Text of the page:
Here we are, nearly three-quarters of the way through 2023, and the markets continue to defy the pessimists and pundits who predicted a recession, a tanking economy, and big job losses as a result of the Fed’s aggressive series of rate hikes. None of that has happened as of mid-September. Of course, it still could.
Plenty of data suggest a gathering storm: higher oil prices, a widening U.S. budget deficit and rising debt-servicing costs, a strong housing market and robust consumer spending. These signs may portend another Fed rate hike (we will know this week). Many believe this might be one hike too many, the proverbial straw that breaks the camel’s back. On the other hand, if the Fed relaxes too soon, the damage could be worse if higher hikes are needed down the road. We could see business investment crushed by ever-higher debt servicing costs, along with more bank failures, a rise in defaults, and escalating unemployment. If you share the pessimists’ point of view, the damage from rate hikes has been delayed but not eliminated. The soft landing we’ve been hearing about was really no landing at all. In other words, the ground we stand on is shakier than ever.
Pessimism is sometimes rational, but many people tend to be irrationally gloomy about the state of their country, writes Simon Kuper (20-July Financial Times). Kuper, among others, believes that relentless reporting of negative, worrisome news is at the heart of it. “The view that is becoming the norm is that we are heading for the apocalypse. In this view the only doubt is over which of the Four Horsemen gets us first: climate change (now hitting earlier than expected), artificial intelligence, a pandemic, or plain old nukes.” While investors are always wise to plan for bumps in the road, “Big-picture pessimism may be blinding us to cheering shifts now under way,” Kuper says.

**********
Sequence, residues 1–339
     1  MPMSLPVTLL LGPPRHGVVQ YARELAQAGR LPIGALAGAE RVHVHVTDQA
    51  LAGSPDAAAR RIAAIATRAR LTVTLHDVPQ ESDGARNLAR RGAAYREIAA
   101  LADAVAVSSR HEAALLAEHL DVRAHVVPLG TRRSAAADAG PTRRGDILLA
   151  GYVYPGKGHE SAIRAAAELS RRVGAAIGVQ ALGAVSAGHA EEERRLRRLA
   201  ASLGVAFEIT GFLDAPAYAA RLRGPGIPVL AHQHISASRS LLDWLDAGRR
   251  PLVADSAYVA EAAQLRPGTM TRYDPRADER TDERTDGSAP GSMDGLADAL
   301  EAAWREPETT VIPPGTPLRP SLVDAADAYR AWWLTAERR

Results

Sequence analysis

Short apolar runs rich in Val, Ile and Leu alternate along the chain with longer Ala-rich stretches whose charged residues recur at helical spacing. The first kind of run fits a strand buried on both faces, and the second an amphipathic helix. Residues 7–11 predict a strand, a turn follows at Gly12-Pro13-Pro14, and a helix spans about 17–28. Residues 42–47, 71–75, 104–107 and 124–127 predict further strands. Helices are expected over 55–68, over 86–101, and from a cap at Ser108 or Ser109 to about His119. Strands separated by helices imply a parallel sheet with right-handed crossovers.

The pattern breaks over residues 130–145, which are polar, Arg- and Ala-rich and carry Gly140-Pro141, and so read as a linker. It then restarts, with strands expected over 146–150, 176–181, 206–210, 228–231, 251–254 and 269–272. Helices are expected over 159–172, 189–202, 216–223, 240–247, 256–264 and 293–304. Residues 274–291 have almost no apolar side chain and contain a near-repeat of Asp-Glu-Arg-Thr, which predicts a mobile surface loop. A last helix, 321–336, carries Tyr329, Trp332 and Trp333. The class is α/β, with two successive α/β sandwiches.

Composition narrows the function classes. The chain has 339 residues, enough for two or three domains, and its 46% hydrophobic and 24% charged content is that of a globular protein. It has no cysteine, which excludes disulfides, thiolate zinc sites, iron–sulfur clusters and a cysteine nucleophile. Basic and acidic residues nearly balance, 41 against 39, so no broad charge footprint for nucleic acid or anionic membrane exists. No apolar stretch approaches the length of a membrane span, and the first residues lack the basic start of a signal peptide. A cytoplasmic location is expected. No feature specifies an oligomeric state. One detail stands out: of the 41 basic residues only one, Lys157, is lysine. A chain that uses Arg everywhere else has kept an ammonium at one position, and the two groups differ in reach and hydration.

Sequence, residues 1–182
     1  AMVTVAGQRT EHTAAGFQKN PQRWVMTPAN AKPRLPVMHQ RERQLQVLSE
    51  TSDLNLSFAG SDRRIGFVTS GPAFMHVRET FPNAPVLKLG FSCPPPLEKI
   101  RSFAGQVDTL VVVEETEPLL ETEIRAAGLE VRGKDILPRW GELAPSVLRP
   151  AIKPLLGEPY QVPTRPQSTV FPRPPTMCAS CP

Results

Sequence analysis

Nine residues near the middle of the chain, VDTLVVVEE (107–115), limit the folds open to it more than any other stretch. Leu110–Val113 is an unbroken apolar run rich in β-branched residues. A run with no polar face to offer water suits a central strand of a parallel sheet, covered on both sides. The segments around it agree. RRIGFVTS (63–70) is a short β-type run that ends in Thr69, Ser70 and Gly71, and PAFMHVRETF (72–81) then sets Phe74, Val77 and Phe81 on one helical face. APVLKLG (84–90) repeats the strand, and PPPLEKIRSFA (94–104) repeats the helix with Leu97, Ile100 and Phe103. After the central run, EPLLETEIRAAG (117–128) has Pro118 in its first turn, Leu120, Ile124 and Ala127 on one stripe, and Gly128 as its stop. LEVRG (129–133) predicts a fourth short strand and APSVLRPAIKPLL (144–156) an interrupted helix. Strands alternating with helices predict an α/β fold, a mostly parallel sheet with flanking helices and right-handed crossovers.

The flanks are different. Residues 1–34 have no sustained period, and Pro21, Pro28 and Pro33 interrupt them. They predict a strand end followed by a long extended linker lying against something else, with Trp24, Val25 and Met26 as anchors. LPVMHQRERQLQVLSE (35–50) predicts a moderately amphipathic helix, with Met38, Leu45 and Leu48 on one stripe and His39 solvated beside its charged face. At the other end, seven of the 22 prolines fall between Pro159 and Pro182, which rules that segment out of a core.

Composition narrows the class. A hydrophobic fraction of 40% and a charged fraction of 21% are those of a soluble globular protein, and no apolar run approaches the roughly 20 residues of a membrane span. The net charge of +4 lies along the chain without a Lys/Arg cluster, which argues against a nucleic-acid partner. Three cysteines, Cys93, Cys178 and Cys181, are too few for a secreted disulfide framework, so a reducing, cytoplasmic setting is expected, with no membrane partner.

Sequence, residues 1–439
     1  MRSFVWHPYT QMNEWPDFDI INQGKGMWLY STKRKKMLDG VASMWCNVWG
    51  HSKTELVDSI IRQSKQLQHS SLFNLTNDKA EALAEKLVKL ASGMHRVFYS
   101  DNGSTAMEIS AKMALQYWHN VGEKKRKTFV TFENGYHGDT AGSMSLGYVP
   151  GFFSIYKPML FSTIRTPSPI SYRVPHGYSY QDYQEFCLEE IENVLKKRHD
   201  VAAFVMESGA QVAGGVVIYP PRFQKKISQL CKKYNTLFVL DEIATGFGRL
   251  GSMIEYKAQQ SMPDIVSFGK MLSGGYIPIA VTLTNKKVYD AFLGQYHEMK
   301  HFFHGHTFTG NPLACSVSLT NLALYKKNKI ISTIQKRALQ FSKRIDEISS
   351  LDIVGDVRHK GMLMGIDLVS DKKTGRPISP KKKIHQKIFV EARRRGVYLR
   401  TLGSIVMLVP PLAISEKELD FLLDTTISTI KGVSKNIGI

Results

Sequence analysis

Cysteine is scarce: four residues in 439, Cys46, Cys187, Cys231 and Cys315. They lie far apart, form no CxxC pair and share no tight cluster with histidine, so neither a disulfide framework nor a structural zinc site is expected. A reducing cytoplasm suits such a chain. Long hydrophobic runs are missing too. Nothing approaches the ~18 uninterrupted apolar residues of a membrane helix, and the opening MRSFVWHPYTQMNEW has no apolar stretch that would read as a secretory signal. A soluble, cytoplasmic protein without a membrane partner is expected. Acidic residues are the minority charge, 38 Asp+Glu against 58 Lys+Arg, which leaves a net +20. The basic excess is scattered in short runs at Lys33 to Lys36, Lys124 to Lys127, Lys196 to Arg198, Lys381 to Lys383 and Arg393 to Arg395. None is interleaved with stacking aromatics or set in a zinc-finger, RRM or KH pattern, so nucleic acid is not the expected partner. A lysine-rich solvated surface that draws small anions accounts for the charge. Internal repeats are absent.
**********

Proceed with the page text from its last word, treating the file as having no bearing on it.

Kuper and others point to transformative changes that could massively improve lives around the world. Among the hopeful signs he would have us consider:
• Renewable energy is expanding far faster than expected as advances in technology slash prices, a trend that will continue and encourage countries to build more capacity. China’s solar capacity increased an astounding 34 percent in Q1 2023, Kuper reports.